According to Vox, Hollywood experienced a record-breaking year in 2018, with more than $11.8 billion in ticket sales. And while most of us associate the movie industry with Hollywood, it's not the only place where movies are being made. In fact, it's not even the place where the most movies are made. Here are five movie meccas competing with Hollywood for the cinematic crown.

Vancouver, Canada

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Nicknamed Hollywood North, according to Tourism Vancouver, this Canadian city is one of the most popular filming locations in the world. The Huffington Post puts Vancouver at number five in the world for filming locations, with over 4,000 credits listed on IMDB. Keen-eyed viewers will spot Vancouver locations in shows such as Riverdale and Supernatural or movies such as this year's Child's Play remake. The push to film in Canada isn't a new phenomenon, either. The cult classic The X-Files filmed all nine seasons in Vancouver.

So what makes Vancouver such a great place to make television and movies? There are two big reasons: locations and taxes. Vancouver offers diverse landscape options. Filmmakers can choose from beaches, forests, urban areas, and suburban housing. They can even fake the desert if the story demands it. There is a wide variety of buildings, too, which gives directors the ability to create the feeling of being in virtually any city in the world. Also, Canada offers significant tax incentives to production companies who bring their work north. The Canadian dollar is weaker than the U.S. dollar, giving companies even more purchasing power with their filming budgets.

Central Park, New York City, New York

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While plenty of shows and movies are filming in Canada, Central Park in New York City still ranks as the most filmed place on earth. That's according to a report by The Independent, which writes that the world-famous spot appears in more than 230 movies. You'll see areas of the 1.3-square-mile park in movies such as Men in Black, When Harry Met Sally, Enchanted, and Elf.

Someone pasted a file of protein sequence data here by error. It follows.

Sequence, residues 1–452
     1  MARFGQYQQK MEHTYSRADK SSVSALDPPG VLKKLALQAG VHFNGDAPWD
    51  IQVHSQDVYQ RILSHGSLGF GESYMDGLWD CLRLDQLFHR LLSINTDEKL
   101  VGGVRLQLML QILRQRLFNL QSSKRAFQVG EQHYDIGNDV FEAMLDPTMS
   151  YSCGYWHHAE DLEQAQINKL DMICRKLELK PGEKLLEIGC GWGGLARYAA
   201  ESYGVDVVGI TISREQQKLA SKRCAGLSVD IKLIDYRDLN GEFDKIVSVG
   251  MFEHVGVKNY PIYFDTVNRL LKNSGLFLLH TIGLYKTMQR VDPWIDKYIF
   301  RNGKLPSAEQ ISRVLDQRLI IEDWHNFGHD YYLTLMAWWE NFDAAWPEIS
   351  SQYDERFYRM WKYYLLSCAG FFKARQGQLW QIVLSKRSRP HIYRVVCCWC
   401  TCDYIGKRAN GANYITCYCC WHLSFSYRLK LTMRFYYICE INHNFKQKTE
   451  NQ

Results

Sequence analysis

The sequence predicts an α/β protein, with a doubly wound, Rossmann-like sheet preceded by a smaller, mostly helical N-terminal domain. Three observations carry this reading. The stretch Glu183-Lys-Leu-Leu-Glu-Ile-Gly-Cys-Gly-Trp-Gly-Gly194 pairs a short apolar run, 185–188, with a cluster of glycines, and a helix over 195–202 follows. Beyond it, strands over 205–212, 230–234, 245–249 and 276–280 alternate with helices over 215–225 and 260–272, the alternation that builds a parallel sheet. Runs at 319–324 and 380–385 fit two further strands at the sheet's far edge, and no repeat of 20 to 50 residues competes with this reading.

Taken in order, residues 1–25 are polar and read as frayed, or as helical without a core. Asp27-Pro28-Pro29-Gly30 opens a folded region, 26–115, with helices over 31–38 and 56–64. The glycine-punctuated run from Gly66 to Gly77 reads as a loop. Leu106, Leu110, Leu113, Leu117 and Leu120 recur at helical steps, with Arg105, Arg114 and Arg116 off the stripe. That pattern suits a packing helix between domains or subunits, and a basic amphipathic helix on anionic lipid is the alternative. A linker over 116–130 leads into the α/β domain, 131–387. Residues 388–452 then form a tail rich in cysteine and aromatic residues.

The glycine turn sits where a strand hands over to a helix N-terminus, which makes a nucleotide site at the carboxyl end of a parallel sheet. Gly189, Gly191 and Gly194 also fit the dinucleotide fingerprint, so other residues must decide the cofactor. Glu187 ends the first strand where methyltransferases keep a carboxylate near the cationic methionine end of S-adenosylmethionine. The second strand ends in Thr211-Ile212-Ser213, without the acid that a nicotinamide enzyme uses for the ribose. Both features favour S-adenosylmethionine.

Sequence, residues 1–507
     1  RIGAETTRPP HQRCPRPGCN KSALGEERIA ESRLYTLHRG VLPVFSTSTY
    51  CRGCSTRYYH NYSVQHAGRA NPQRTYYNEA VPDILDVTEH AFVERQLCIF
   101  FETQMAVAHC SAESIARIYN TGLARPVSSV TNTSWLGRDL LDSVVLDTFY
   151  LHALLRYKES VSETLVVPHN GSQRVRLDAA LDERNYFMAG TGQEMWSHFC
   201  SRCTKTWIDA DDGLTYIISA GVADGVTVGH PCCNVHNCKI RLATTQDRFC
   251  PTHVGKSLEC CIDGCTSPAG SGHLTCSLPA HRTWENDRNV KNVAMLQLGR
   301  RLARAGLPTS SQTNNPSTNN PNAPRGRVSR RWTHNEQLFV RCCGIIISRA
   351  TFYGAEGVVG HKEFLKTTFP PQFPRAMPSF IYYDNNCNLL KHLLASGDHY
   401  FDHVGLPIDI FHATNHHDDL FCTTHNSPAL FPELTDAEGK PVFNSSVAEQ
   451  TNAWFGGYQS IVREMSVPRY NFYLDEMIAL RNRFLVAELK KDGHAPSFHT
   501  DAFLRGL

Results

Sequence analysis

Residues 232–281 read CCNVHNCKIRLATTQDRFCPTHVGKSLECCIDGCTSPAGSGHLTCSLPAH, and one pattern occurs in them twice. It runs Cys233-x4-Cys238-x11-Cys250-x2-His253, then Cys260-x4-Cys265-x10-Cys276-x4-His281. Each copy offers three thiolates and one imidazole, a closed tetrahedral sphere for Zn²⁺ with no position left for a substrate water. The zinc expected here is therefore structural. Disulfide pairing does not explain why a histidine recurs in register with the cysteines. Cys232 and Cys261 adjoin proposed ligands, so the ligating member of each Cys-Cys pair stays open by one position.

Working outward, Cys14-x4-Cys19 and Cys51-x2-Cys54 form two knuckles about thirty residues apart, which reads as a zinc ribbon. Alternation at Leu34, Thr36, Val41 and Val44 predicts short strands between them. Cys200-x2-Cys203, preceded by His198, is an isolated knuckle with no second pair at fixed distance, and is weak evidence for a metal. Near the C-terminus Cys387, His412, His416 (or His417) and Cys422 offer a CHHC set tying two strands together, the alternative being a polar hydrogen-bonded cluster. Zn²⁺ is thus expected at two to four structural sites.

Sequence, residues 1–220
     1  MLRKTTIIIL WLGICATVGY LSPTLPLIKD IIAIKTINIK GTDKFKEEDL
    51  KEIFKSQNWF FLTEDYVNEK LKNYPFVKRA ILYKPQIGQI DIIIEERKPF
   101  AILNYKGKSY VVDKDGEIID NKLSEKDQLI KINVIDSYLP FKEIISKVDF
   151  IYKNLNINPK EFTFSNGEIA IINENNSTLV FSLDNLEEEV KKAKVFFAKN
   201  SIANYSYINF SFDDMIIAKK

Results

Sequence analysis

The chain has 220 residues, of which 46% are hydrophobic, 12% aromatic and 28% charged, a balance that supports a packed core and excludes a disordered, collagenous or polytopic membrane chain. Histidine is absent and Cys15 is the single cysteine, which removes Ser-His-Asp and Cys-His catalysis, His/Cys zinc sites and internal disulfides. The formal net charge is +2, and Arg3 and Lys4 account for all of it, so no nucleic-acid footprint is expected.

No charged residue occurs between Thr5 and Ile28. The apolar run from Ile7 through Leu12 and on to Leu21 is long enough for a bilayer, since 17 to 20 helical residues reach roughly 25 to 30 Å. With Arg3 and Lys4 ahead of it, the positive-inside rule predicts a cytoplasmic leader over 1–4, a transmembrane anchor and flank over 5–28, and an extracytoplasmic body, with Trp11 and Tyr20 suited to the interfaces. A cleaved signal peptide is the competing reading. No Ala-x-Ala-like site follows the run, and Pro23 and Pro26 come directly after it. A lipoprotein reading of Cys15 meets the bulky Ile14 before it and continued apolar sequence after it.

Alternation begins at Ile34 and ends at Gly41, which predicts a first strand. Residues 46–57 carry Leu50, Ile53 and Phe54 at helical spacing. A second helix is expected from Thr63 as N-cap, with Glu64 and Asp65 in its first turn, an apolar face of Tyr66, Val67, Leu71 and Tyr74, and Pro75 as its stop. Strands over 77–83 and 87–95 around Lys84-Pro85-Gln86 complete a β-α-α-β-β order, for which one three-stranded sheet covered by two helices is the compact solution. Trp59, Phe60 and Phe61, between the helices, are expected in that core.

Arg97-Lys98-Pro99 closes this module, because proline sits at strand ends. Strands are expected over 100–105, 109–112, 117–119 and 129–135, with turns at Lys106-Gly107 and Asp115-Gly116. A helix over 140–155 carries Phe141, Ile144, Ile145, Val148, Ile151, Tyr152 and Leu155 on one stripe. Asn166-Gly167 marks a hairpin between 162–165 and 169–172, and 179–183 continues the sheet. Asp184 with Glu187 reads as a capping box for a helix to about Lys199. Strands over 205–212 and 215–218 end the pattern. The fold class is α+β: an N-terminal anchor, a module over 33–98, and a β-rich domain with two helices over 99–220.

Why is Central Park a lasting location in the film and television industries? In part, it's because the area is so iconic. Viewers know the park on sight. It offers one of the same advantages as Vancouver, too: diverse landscapes. Plus, New York City offers great tax incentives for film productions. According to, "The Film Production Tax Credit is a 30% tax credit on qualified costs incurred in New York State." That can lower those production expenses and leave more money for big-budget effects.

Hengdian World Studios, Zhejiang Province, China

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The Los Angeles Times calls it, "China's Hollywood," and more than 1,200 television shows and movies have been filmed there. Hengdian World Studios is the world's largest outdoor film studio. Construction started around 1995 and continues on today. The parent company has invested more than $3 billion, according to Yiwuen. Travel China Guide reports that the studios have 12 distinct filming locations, which recreate some of China's most famous areas. They include scaled models of the Forbidden City and the Palace of Emperor Qin. There is even an area that recreates the look of the Guangzhou province from the 1840s. One of the newest areas, Fantasy Valley, recreates natural disasters like volcanoes and floods.